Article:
Monday, March 31, 2008

Red Carpets and Other Banana Skins by Rupert Everett

An element of drama has always attended Rupert Everett, even before he swept to fame with his outstanding performance in 'Another Country'. He has spent his life surrounded by extraordinary people, and witnessed extraordinary events. He was in Moscow during the fall of communism; in Berlin the night the wall came down; and in downtown Manhattan on September 11th. By the age of 17 he was friends with Andy Warhol and Bianca Jagger, and since then he has been up close and personal with some of the most famous women in the world: Julia Roberts, Madonna, Sharon Stone and Donatella Versace. Whether sweeping the floor for the Royal Shakespeare Company or co-starring with Faye Dunaway and an orang-utan in 'Dunstan Checks In' (they both took ages to get ready), Rupert Everett always brings as much energy and talent to his life as he does to his career. A superb raconteur and a keen observer of human folly (especially his own), Rupert Everett turns his life into a captivating story of love, fame, glamour, gossip and drama.

Wow, this really was a fascinating read. I had no idea how he's struggled to be the recognised name he doesn't seem to think he is! It's very educational to see just how haphazard some star's rises actually are whereas us mere mortals sit here dreaming that they're all sunshine, roses and gold paved roads to the paradise of wealth and fame ... this seems not to be altogether true for the most part.

I'd highly recommend this autobiography if you've enjoyed him as an actor at all. I personally think he's just fabulous, darling ;)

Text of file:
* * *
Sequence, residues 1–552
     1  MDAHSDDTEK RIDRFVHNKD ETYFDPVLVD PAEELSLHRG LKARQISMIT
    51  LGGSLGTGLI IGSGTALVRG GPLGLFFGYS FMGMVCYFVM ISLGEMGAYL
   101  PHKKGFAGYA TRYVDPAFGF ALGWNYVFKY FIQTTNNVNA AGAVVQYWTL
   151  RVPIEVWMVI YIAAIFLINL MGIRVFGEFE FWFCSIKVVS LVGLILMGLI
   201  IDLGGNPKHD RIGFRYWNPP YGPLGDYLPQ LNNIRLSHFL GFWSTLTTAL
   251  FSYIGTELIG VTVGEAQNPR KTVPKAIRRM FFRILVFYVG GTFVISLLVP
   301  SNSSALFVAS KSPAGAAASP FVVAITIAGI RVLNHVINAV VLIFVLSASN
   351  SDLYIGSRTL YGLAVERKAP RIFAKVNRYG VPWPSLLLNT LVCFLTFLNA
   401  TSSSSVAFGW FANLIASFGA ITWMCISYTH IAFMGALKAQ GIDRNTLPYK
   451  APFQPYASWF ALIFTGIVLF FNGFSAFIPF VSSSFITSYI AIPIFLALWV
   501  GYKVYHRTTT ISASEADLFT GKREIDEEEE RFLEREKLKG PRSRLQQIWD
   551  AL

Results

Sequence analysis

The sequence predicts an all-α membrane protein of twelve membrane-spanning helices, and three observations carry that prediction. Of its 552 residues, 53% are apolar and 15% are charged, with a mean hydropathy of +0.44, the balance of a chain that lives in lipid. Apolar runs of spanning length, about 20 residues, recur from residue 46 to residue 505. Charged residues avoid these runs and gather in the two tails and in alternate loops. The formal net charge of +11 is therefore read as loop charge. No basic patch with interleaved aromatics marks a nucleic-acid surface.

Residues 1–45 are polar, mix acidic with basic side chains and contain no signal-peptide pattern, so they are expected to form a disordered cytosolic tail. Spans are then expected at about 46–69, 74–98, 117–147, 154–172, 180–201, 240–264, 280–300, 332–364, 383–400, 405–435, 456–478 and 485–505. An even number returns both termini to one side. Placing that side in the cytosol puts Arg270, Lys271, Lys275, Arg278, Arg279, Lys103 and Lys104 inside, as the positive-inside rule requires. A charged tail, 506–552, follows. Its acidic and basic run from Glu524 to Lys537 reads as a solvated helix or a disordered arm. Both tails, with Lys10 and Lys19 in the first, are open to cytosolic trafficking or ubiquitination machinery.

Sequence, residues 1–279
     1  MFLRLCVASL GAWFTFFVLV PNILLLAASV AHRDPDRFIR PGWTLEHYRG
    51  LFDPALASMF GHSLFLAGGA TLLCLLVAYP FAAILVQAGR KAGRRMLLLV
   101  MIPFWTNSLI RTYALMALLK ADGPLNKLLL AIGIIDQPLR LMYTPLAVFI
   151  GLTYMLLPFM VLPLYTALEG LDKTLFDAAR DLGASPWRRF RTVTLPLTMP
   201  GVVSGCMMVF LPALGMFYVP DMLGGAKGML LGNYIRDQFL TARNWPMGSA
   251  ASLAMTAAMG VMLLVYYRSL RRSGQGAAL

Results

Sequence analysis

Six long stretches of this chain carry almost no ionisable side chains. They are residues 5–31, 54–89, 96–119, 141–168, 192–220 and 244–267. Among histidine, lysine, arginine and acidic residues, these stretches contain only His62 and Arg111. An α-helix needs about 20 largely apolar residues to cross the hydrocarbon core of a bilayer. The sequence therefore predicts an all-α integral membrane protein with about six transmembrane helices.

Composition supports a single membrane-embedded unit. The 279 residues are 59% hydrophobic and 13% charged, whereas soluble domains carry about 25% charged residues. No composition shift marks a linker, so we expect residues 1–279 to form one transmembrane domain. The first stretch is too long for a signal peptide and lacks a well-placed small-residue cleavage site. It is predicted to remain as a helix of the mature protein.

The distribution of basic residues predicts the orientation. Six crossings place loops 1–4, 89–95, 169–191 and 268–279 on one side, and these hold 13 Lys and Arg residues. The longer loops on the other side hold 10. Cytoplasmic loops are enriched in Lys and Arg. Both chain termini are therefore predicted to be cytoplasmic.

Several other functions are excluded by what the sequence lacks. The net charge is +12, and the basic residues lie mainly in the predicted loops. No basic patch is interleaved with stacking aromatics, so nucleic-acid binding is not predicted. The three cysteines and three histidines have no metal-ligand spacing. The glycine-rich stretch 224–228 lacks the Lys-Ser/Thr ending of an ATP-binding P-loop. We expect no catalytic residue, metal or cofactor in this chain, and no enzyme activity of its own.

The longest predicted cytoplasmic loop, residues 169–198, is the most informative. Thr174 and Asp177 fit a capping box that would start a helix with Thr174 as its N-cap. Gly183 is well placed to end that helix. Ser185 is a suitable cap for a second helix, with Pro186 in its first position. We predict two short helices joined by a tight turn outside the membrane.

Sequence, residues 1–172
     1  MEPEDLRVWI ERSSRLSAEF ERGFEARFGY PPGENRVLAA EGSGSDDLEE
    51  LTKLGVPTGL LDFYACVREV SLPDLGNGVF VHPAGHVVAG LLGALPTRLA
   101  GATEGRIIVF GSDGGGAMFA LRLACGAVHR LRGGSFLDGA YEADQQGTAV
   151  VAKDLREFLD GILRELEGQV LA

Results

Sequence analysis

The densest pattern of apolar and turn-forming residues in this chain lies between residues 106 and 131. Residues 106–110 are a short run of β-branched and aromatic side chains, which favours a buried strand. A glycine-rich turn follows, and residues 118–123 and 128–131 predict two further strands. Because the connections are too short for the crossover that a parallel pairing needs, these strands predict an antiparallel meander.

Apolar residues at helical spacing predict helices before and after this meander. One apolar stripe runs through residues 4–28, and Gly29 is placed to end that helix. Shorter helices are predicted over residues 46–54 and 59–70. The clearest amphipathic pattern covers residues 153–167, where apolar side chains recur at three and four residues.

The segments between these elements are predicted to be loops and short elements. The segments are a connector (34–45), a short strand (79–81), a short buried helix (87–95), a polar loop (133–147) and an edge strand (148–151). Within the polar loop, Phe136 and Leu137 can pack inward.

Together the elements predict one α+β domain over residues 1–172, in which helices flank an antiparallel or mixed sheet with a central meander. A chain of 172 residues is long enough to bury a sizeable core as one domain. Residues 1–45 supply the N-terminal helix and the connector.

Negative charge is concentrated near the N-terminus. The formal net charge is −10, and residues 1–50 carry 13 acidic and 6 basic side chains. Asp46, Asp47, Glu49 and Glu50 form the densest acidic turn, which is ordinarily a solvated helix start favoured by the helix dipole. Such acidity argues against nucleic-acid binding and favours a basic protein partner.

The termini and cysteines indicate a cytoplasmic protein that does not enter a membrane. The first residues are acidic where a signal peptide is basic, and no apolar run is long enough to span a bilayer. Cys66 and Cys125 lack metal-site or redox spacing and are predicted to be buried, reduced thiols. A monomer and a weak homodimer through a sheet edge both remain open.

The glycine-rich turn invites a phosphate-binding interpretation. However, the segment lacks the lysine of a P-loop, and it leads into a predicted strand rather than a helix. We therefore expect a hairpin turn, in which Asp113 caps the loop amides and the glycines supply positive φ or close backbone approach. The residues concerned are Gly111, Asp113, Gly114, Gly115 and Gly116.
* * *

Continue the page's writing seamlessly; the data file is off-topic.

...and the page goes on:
Tales of the City said...

yep.. read it. Its funny but I kind of got the feeling he glossed over some exploits so it could be published. But what shocked me was his affair with Paula Yates... overall despite all the bravado thought he was quite vulnerable. Glad you enjoyed it too.. man, you guys braai a lot! Ostrich per chance?

phillygirl said...

@toc - no, no ostrich, it was chicken ;)

Yup, I'm pretty sure there were bits that had to be toned down ... his lifestyle in Paris for one. But he still comes off as a good, (sometimes) decent guy despite (and well aware of) his personal flaws.

I felt it was quite honest thruout, which I'm sure is a bit of a novelty for any hollywood autobiography ;)

Tales of the City said...

True.. some hilarious bits especially in Miami. His mum sounds hilarious and a lot of fun. He does burn a few bridges which is pretty unsual as you say. The Tranny chapter is a minor classic. And signing off as Hugh Grant.

phillygirl said...

@toc- oh yes, I absolutely loved the Hugh Grant ending! Paha

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